caprice’, an ‘absence of constraint with respect to what we can or cannot do’, free will, or any other ‘property of the human being’.72 In short, this concept of freedom is not that of a human capacity for choosing. When the term is first presented in this text, it operates more or less as a placeholder. It designates whatever it is that enables the openness involved in Dasein’s comportment to be bound or determined by beings, such that that comportment is directed in a pre-thematic, pre-predicative manner and might on that basis formulate thematic or predicative statements correctly presenting those beings. Freedom designates Dasein’s ability to be informed by the world, not merely project upon it. In Heidegger’s words, it is a ‘freedom for what is opened up in an open field’.73 But this is vague. What is this freedom more precisely?

According to Heidegger, freedom ‘lets beings be the beings they are’ and thus (tentatively) ‘reveals itself as letting beings be [das Seinlassen von Seiendem]’.74 Despite this rather off-putting turn of phrase, its meaning can be clarified by distinguishing two distinct senses of freedom as ‘letting beings be’. I shall refer to them as ‘freedom 1’ and ‘freedom 2’. Freedom 1 is a manner of comportment for Dasein. Freedom 2 is an ontological structure that enables beings to be.

Let us take the first first. Freedom 1 is a manner of comportment. As such, we might be tempted to think of it as something like an ability of Dasein to simply ‘will’ what is and what occurs in the world. However, this is not the idea. If it were, it would be meaningless to say that Dasein’s comportment is bound, directed, or informed by beings. Rather, freedom 1 has to entail a reticence or restraint on Dasein’s part that gives things room to be as they are: Dasein ‘withdraws in the face of beings in order that they might reveal themselves with respect to what and how they are’.75 Yet, this cannot be a disengagement from beings, for that would also preclude being informed by them and, consequently, preclude propositional adequation. Thus, to let beings be is ‘to engage oneself with beings’ in a particular way.76 In Heidegger’s use, we ‘let beings be’ by being attentive to the ontological ground that enables them to be, or, in temporally dynamic terms, to come into and recede from presence. Since beings are always distinctive and concrete, our attention cannot treat their ground as something abstract or disengaged from them. That is, it is an attention to this ground insofar as this or that distinctive set of beings is in fact in the process of being, and it preserves the presentation of those beings as so grounded. To capture the idea more concisely, freedom 1 is an attentiveness to the being of beings that tries neither to dominate nor disengage from them. Thus far, the nature of the ground involved has been described in terms of structural openness, and, in this regard, to let beings be is ‘to engage oneself with the open field and its openness into which every being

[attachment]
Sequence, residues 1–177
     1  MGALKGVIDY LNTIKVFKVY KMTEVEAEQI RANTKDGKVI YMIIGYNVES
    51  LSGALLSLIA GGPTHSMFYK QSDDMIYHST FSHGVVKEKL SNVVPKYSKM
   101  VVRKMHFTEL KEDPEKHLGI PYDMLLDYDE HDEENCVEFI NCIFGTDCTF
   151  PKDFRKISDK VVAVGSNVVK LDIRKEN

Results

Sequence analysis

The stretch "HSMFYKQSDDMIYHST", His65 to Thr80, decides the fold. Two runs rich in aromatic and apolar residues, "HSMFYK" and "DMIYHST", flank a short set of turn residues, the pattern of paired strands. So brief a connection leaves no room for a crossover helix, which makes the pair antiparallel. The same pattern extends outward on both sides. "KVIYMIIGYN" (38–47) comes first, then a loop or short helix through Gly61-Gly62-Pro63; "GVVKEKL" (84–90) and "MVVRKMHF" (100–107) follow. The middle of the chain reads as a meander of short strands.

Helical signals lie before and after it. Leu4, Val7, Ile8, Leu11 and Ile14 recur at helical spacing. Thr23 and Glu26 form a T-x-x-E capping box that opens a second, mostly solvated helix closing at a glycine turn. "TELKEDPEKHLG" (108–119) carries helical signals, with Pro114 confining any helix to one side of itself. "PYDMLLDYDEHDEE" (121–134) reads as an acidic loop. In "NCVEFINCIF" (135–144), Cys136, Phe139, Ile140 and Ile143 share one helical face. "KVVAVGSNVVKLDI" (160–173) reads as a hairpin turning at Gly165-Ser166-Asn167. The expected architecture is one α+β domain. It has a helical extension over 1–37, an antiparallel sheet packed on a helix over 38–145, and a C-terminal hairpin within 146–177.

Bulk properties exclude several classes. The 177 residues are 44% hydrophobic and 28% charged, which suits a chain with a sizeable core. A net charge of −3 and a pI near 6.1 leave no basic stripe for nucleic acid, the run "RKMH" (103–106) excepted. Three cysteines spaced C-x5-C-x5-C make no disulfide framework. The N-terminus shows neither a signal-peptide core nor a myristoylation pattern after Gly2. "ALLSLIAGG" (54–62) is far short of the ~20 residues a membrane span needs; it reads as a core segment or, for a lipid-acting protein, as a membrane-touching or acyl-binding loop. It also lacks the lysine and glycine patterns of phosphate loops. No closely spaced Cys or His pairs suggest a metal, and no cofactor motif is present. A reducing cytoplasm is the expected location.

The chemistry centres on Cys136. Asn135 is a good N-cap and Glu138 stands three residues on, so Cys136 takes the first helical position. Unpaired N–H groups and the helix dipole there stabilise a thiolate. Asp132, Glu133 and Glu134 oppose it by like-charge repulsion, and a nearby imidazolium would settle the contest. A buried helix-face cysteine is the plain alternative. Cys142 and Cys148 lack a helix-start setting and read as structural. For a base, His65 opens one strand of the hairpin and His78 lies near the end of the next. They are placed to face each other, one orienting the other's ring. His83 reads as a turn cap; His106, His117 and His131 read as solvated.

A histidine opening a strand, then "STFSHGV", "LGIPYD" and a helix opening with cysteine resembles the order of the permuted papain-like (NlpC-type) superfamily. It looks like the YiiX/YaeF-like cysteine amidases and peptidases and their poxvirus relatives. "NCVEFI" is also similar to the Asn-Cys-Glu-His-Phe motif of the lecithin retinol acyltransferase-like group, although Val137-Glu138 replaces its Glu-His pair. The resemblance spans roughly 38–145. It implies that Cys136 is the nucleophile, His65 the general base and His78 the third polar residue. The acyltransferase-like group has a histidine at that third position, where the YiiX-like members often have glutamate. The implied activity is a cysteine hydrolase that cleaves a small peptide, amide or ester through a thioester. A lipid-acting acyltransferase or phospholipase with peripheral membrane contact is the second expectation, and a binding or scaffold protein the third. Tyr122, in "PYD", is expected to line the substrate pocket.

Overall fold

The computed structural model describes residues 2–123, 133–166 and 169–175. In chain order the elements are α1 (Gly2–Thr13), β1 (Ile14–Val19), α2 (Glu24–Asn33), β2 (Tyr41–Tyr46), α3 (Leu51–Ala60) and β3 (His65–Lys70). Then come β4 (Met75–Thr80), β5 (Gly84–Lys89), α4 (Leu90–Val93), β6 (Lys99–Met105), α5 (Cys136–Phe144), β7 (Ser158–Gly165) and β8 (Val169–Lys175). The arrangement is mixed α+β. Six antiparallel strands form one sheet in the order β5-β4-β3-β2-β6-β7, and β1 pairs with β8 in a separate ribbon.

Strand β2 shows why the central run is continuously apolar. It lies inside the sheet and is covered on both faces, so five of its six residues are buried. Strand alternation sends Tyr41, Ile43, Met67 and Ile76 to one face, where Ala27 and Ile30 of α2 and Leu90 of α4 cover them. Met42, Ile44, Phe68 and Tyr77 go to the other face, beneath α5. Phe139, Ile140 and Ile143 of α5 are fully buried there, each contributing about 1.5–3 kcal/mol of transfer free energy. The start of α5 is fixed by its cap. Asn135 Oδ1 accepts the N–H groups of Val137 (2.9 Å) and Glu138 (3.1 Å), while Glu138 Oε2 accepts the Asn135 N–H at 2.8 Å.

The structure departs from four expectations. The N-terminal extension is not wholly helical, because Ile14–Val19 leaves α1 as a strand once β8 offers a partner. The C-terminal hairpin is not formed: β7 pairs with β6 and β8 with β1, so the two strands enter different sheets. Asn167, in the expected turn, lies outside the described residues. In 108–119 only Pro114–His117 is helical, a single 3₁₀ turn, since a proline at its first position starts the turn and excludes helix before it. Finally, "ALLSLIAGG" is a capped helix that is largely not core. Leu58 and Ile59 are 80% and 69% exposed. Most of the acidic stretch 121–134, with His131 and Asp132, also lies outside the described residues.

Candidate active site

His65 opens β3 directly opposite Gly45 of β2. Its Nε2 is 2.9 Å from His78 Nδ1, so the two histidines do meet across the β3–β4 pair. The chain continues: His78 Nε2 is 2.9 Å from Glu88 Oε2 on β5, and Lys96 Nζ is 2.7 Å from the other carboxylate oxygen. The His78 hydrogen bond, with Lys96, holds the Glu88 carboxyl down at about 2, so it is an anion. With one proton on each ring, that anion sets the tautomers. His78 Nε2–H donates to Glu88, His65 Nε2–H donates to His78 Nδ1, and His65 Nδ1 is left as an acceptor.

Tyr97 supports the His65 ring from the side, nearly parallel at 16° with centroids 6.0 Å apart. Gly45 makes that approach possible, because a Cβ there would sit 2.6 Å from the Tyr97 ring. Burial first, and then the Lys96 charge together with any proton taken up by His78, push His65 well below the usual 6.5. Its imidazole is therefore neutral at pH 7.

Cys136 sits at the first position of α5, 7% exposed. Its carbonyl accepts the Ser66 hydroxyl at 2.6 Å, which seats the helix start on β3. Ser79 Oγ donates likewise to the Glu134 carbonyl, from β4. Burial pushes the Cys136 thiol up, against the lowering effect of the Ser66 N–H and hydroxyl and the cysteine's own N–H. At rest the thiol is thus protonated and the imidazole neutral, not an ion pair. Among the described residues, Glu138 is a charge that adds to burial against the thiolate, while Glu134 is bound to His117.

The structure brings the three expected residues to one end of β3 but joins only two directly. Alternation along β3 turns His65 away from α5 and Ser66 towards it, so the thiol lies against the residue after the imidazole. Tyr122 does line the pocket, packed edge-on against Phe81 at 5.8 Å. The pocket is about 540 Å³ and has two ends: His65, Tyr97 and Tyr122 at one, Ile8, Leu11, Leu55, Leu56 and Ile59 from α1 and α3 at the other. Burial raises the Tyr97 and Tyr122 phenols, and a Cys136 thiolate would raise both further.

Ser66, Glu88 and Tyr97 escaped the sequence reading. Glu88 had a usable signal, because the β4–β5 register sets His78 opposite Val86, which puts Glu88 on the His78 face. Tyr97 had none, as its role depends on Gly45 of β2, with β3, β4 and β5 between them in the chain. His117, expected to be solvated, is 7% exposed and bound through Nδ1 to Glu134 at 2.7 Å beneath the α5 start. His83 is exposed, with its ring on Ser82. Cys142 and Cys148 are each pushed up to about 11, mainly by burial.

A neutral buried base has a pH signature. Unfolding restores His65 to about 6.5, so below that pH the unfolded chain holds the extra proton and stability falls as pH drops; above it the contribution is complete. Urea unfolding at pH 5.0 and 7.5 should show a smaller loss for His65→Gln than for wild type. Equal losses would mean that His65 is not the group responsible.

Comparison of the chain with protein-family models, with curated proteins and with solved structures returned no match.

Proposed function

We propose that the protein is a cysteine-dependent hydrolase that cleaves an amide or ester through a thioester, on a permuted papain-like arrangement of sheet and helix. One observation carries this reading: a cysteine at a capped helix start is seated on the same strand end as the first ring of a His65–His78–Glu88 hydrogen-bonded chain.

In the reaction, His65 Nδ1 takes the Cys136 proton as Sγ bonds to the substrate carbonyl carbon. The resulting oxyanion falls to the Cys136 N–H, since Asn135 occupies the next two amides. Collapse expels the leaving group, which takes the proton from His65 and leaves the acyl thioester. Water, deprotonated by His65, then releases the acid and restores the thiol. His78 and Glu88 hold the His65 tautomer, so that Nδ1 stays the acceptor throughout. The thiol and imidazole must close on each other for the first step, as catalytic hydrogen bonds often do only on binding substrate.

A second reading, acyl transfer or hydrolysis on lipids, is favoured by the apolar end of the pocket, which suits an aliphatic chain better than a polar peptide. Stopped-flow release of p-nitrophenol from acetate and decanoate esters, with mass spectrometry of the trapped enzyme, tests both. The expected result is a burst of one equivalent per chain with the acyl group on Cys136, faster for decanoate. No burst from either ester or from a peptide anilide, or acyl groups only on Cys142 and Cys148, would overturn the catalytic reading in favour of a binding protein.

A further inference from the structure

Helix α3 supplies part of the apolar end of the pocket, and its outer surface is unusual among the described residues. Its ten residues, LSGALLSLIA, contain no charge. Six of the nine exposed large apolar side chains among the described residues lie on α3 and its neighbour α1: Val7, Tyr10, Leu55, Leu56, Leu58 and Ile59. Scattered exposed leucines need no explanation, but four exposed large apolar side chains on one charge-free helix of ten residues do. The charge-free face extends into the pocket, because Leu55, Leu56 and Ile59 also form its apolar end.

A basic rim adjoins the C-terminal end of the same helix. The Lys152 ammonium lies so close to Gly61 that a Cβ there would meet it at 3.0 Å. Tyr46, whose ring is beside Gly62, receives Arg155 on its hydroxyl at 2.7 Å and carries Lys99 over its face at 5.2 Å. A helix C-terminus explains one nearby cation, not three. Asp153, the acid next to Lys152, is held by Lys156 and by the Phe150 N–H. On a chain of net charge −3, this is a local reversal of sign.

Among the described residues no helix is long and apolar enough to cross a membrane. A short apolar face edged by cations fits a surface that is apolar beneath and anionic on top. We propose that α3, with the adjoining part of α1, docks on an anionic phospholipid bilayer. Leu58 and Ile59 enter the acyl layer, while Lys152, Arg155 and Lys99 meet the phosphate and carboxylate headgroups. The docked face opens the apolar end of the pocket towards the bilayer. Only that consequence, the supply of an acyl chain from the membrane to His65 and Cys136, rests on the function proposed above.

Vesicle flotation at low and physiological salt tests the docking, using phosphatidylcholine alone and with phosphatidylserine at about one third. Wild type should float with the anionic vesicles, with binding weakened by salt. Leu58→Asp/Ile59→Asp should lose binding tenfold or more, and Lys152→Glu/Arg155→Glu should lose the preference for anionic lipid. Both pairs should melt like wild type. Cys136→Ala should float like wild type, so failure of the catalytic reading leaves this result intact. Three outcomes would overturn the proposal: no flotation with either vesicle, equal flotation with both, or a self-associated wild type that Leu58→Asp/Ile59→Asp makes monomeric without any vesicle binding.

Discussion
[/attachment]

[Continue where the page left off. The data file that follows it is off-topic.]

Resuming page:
72 Heidegger, Martin, ‘Vom Wesen der Wahrheit’, in [GA9] Wegmarken (Frankfurt am Main: Klostermann, 1976), 177–202. English: ‘On the Essence of Truth’, trans. John Sallis, in Pathmarks, ed. William McNeill (Cambridge: Cambridge University Press, 1998), 136–54. 186/143, 189/145, 187/143.

73 Ibid. 187/144, translation modified.

74 Ibid. 188/144. For a later account of Heidegger’s related concept of Gelassenheit, see GA77.

75 Ibid. 188-9/144.

76 Ibid. 188/144.

James Bahoh - Heidegger's Ontology of Events